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Male Incontinence Treatment

Male incontinence should not cause embarrassment. It is a medical problem, like arthritis or diabetes, and it is important that you get treatment. Male incontinence can often be successfully managed with behavioral therapy, medications, catheters, or other options.

Treating Incontinence in Men: An Overview

Options to treat male incontinence may include:
 
  • Behavioral therapy
  • Medications
  • Catheters
  • Urethral injections
  • Artificial sphincter
  • Male sling
  • Urinary diversion.
     
No single option works for everyone. Your treatment plan will depend on the following factors:
 
  • The type and severity of your problem
  • Your lifestyle
  • Your preferences.
     
Your healthcare provider should always try to begin with the simplest options. Many men regain urinary control by changing a few habits and doing exercises to strengthen the muscles that hold urine in the bladder.
 
If these behavioral treatments do not work, you may choose to try medicines or a continence device, which is typically either an artificial sphincter or a catheter. Finally, for some men, surgery is the best choice.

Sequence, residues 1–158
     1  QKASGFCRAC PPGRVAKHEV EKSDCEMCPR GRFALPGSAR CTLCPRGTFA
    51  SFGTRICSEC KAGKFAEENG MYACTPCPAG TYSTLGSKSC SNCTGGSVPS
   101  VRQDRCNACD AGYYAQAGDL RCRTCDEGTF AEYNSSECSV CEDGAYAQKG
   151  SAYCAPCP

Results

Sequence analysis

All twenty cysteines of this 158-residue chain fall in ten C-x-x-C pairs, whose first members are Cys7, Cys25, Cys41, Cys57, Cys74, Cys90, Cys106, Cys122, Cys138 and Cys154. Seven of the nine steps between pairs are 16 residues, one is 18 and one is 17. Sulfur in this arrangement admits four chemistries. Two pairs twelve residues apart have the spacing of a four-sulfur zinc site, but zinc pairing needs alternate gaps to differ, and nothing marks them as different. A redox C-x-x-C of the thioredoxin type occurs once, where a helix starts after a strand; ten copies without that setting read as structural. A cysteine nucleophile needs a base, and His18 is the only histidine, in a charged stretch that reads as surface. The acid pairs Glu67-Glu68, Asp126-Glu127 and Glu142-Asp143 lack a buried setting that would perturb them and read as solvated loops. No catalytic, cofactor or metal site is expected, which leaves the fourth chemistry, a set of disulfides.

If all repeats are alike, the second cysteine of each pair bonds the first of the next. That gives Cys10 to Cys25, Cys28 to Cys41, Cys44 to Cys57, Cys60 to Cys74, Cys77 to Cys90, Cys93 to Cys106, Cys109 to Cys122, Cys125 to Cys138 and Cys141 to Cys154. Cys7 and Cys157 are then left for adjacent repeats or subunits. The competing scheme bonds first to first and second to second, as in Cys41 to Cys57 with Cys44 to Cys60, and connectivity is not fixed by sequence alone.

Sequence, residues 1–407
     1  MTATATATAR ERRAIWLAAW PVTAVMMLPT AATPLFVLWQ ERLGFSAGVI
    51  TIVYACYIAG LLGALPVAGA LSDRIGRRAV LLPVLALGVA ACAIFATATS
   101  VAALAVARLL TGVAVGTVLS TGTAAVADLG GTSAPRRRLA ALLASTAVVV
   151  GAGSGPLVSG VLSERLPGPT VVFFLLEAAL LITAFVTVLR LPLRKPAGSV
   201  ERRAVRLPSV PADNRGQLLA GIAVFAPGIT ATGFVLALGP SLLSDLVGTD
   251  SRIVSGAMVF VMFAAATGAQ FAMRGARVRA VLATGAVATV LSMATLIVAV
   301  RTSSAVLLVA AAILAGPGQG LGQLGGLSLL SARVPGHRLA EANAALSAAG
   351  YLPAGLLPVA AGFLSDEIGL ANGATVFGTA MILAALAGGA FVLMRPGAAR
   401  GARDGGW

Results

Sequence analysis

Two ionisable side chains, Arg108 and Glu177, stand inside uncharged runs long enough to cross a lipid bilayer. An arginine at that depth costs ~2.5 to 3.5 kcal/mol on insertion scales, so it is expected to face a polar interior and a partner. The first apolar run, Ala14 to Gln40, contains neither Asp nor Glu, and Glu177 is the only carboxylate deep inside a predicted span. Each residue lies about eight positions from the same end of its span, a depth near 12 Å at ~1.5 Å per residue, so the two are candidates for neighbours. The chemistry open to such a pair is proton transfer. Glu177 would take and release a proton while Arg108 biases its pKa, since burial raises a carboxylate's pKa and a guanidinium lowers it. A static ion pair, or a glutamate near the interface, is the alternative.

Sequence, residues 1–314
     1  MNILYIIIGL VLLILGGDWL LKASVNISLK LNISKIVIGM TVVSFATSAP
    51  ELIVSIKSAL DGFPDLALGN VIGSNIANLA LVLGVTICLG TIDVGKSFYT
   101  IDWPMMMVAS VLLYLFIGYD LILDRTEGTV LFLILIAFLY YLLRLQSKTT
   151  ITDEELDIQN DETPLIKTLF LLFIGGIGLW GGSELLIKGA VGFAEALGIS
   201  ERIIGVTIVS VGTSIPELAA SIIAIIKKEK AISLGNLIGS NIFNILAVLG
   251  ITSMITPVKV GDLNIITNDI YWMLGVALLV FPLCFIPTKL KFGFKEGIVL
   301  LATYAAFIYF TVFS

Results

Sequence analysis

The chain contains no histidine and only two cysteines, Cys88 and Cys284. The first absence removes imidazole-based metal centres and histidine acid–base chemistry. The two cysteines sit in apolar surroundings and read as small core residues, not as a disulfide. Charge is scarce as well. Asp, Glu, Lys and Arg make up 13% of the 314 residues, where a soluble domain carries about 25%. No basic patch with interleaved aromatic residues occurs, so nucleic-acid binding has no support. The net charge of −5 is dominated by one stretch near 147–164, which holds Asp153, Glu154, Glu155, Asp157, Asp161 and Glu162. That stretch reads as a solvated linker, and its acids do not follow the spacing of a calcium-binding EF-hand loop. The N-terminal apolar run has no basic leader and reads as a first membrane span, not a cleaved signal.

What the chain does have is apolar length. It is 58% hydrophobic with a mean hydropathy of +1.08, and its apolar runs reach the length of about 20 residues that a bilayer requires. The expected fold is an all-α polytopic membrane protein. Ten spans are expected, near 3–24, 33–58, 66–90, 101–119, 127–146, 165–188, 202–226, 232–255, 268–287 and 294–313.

Behavioral Treatments for Male Incontinence

For some men, avoiding incontinence is as simple as limiting fluids at certain times of the day or planning regular trips to the bathroom, which is a therapy called timed voiding or bladder training. As you gain control, you can extend the time between trips.
 
Bladder training also includes Kegel exercises to strengthen the pelvic muscles, which help hold urine in the bladder. Extensive studies have not yet shown that Kegel exercises are effective in reducing incontinence in men, but many clinicians find them to be an important element in therapy.
 
Some people with nerve damage cannot tell whether they are doing Kegel exercises correctly. If you are not sure, you may still be able to learn proper form by doing special training with one or both of the following:
 
  • Biofeedback
  • Electrical stimulation.
     
Biofeedback uses sensors to detect muscle activity and creates a visual or audio signal when the appropriate muscles are being used.
 
A small probe, about the size of a pen, is inserted into the anus to record muscle contractions during the exercises. If you squeeze the right muscle, you will see a change on a television screen or hear a tone from a speaker.
 
Mild electrical pulses delivered to the pelvic muscles cause them to contract and grow stronger. This technique can also help you locate the right muscles to use during Kegel exercises.
 
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